**It's guest columnist time! Doug Barney is traveling this week, so filling
his chair today is Michael Desmond, former editor-at-large of Redmond
and founding editor of our newest publication, Redmond
Developer News. Stay tuned for more guest columnists throughout the
IT managers might still be scrambling after last Tuesday's out-of-band patch
to fix the urgent Windows Animated Cursor Handling flaw. Now we learn that tomorrow's
scheduled patch will likely offer five Windows fixes, including at least
one that merits a "critical" designation.
Some of the new patches will likely require a system restart, which could make
life a bit complicated as IT managers try to sequence things so that services
and servers don't fall offline. The critical update, targeting Microsoft Content
Management Server, also demands a reboot.
Finally, some folks have expressed outrage that the animated cursor flaw had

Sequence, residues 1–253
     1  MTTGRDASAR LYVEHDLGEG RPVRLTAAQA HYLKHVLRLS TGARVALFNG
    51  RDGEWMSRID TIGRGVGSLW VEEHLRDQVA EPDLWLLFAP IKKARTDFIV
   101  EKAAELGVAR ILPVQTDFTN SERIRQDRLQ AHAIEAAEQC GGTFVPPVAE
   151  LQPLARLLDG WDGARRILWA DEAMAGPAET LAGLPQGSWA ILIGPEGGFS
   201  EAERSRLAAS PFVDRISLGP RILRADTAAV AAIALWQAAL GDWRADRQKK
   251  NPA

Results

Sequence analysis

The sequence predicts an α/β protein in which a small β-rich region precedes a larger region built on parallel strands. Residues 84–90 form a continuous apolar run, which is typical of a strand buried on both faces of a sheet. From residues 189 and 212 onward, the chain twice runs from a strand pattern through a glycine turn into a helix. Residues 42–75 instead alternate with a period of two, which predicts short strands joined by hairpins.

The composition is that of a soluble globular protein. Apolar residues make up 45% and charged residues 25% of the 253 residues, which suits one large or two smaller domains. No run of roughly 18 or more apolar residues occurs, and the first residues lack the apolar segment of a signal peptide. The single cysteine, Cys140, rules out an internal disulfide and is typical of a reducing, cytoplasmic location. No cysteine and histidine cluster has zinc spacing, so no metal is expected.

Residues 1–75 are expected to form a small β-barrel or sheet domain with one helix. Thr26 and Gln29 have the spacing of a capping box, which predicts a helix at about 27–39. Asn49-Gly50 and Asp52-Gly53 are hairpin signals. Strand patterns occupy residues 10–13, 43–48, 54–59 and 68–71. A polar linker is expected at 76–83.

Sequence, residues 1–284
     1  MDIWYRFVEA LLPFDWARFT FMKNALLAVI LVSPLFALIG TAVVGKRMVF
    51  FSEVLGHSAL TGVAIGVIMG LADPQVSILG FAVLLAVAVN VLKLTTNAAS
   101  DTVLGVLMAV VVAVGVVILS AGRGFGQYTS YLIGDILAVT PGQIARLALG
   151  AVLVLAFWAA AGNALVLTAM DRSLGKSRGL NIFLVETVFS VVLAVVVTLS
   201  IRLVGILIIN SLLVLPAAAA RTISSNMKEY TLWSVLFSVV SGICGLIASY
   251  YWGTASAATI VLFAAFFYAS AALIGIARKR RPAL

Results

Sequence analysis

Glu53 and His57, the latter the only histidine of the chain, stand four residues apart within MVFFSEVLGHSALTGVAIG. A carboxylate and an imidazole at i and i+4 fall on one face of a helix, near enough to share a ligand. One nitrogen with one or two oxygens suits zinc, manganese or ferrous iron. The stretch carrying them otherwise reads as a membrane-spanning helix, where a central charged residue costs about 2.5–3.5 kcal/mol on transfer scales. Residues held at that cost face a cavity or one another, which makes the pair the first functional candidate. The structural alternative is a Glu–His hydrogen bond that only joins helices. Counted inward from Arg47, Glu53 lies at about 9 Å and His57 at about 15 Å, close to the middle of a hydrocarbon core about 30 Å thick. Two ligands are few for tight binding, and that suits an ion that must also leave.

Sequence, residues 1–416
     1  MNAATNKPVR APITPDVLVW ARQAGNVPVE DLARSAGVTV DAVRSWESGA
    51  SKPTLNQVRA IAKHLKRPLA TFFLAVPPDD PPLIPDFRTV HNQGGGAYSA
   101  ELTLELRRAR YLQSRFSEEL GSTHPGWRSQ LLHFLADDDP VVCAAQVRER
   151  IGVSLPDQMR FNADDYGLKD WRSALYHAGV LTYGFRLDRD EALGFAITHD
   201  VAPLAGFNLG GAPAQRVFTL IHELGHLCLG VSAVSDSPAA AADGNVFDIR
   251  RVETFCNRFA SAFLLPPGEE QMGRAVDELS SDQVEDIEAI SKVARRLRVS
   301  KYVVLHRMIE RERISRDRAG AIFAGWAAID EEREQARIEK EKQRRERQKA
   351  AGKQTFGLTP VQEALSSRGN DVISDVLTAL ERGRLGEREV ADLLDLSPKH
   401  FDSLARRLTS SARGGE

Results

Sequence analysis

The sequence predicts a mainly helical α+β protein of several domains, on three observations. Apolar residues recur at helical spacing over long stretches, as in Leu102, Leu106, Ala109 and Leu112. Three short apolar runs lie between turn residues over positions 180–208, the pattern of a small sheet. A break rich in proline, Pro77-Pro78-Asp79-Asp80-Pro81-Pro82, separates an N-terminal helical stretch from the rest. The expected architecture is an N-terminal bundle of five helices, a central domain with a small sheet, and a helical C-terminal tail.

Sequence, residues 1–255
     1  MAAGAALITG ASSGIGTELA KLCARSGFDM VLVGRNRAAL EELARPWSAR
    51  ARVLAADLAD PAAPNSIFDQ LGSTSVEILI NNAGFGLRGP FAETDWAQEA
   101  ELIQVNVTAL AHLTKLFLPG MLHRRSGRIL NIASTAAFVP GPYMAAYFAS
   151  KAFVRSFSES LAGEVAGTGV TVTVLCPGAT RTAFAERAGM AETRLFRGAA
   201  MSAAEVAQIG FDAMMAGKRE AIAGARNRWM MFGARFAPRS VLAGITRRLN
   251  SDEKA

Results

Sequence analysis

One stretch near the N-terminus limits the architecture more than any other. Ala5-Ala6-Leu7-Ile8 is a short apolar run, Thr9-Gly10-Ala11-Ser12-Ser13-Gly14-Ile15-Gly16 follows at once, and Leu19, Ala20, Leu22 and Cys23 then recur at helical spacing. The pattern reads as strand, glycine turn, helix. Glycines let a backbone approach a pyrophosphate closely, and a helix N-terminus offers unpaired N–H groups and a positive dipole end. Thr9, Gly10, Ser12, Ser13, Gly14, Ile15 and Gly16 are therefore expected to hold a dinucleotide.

apparently been known to Microsoft for months. While the delayed remediation
allowed an exploit to emerge, Microsoft
in a blog posting contends that the time on task allowed Redmond to fix
a series of vulnerabilities related to the flaw.
As ever with these urgent patches, it all seems to come down to a precarious
balancing act. Does Microsoft rush patches to fill a hole before it can be attacked,
and risk breaking or missing something critical in the process? Or should it
take the time to build a more durable and manageable fix, knowing that the delay
could leave systems wide open to attack?
What's your preference? Tell us at email@example.com.
Posted by Michael Desmond on April 09, 2007 at 11:53 AM